Michigan Agrees to Pay $600 Million to Flint Water Crisis Victims
The state of Michigan has reached a settlement with the victims of the Flint water crisis. Michigan agreed to pay $600 million, which will primarily benefit the city's children since they were most affected by the lead-tainted water, The Washington Post reported.
The settlement will be officially announced on Friday. It is expected that tens of thousands of residents will be eligible for compensation, which is subject to approval by a federal judge in Michigan, The New York Times reported.
Governor Gretchen Whitmer and Attorney General Dana Nessel have been entrenched in negotiations with lawyers for more than 18 months on behalf of the thousands of Flint residents who filed a lawsuit against the state, the AP reported.
The issue in the case dates back to 2014, when Flint city officials changed the city's water supply source from Lake Huron to the Flint River. The decision was made under the leadership of a state-appointed emergency manager who overlooked safety precautions. This resulted in chemicals and lead leaching into Flint's drinking water through corroded pipes, The Hill reported.
At the time, residents began to complain about discolored and foul-smelling water. Soon after that, residents reported skin rashes, but their concerns were ignored. Local pediatrician Mona Hanna-Attisha warned that abnormally high lead levels were appearing in children. Lead poisoning can severely harm brain development, The Washington Post reported.
Flint's water source is once again supplied by Lake Huron, but many residents continue to cook, drink and brush their teeth with bottled water. In 2016, researchers said there were no longer detectable levels of lead in many homes, according to the AP.
However, Flint's necessary pipe repairs remain unfinished. The repairs were supposed to be made by January, but were paused in the spring due to the coronavirus pandemic, The Hill reported.
Mayor Sheldon Neeley said the repairs are almost done.
The Washington Post reviewed the settlement and reported that 80 percent of the award is earmarked for Flint residents who were younger than 18 at the time of exposure, with more than half of that amount slotted for children who were under 6 at the time. The remainder of the settlement will go to plaintiffs who experienced lost revenue from property damage because of the water crisis.
Anyone living in Flint between 2014 and 2016 may be eligible for part of the settlement. The payments are expected to start next spring, and individual amounts will be in proportion to the plaintiff's degree of suffering, The New York Times reported.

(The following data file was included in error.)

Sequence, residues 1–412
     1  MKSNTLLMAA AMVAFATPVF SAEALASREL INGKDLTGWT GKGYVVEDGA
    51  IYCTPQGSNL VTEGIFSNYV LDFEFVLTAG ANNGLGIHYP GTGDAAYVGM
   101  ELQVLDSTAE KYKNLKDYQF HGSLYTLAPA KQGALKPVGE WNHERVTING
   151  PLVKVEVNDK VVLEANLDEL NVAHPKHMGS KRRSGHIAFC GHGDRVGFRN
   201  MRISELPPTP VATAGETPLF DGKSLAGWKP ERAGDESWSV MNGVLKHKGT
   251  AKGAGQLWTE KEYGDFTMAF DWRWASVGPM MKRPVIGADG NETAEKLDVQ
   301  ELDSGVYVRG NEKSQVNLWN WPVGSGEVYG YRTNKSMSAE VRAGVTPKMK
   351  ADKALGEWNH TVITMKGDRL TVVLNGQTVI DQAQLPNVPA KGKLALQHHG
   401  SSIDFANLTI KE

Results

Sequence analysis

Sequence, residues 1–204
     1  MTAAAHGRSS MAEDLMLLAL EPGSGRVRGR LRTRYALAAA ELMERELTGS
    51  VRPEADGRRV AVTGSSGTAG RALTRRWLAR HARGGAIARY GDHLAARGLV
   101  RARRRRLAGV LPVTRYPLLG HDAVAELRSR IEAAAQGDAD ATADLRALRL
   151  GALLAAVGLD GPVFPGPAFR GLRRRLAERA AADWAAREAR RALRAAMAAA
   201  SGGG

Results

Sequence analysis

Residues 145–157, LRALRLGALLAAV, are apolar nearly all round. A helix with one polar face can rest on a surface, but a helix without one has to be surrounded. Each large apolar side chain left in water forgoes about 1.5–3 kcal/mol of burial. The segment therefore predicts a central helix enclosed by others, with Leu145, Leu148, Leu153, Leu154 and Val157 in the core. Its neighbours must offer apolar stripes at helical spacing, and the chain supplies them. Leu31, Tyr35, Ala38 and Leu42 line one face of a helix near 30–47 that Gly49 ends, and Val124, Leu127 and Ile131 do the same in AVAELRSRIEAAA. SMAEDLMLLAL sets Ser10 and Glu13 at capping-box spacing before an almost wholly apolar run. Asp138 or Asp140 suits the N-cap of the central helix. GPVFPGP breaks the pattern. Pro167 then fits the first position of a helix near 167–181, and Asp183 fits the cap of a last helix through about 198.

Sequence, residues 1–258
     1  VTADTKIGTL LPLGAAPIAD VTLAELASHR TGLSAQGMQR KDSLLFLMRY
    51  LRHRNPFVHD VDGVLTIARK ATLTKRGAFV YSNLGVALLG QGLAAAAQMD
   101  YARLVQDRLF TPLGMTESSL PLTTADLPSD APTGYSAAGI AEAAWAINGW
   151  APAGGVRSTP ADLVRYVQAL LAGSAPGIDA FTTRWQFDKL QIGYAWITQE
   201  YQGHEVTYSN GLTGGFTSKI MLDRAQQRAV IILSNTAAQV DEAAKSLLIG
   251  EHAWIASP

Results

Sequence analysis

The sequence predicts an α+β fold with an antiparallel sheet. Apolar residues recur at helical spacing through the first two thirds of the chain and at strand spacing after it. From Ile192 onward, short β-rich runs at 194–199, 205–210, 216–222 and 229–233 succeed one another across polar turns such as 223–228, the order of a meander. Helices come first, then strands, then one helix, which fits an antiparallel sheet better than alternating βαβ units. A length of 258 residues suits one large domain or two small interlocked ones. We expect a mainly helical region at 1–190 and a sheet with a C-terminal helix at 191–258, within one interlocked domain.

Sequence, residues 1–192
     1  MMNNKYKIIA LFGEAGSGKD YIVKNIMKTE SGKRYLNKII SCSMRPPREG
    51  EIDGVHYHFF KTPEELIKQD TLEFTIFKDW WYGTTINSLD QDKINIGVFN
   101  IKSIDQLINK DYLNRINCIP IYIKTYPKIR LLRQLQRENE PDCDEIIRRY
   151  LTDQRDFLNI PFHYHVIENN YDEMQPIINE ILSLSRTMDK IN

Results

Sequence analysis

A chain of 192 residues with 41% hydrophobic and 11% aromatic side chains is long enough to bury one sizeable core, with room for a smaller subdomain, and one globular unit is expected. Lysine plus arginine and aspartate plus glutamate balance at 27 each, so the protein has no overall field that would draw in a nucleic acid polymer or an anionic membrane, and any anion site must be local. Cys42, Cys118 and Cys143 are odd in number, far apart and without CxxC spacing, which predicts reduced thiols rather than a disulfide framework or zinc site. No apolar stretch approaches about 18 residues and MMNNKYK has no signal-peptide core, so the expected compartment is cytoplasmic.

- What You Need to Know About the Flint Water Crisis - EcoWatch ›
- Public Health Emergency Declared in Flint, Michigan Due to Lead ... ›
- Michael Moore: 10 Things They Won't Tell You About the Flint Water ... ›
By Julia Conley
Representing more than 17,000 claimants who support climate action, the international organization Friends of the Earth on Tuesday opened its case against fossil fuel giant Shell at The Hague by demanding that a judge order the corporation to significantly reduce its carbon emissions in the next decade.
EcoWatch Daily Newsletter
Eat Just's cultured chicken has been approved for sale in Singapore as an ingredient in chicken bites. Eat Just
- Most Meat Will Be Plant-Based or Lab-Grown in 20 Years, Analysts ... ›
- Slaughter-Free Lab Grown Steak Cast As Ethically Friendly Alternative ›
- FDA Takes First Steps to Regulating Lab-Grown Meat - EcoWatch ›
- Tyson Foods Invests in 'Clean Meat' - EcoWatch ›
The world's largest sand island has been on fire for the past six weeks due to a campfire, and Australia's firefighters have yet to prevent flames from destroying the fragile ecosystem.
By Jessica Corbett
A national nonprofit revealed Tuesday that testing commissioned by the group as well as separate analysis conducted by Massachusetts officials show samples of an aerially sprayed pesticide used by the commonwealth and at least 25 other states to control mosquito-borne illnesses contain toxic substances that critics call "forever chemicals."
- How Will the Biden Administration Tackle 'Forever Chemicals ... ›
- Are Forever Chemicals Harming Ocean Life? - EcoWatch ›
- How Chemicals Like PFAS Can Increase Your Risk of Severe ... ›
The government of New Zealand declared a climate emergency on Wednesday, a symbolic step recognizing the Intergovernmental Panel on Climate Change (IPCC) predictions of substantial global warming if emissions do not fall.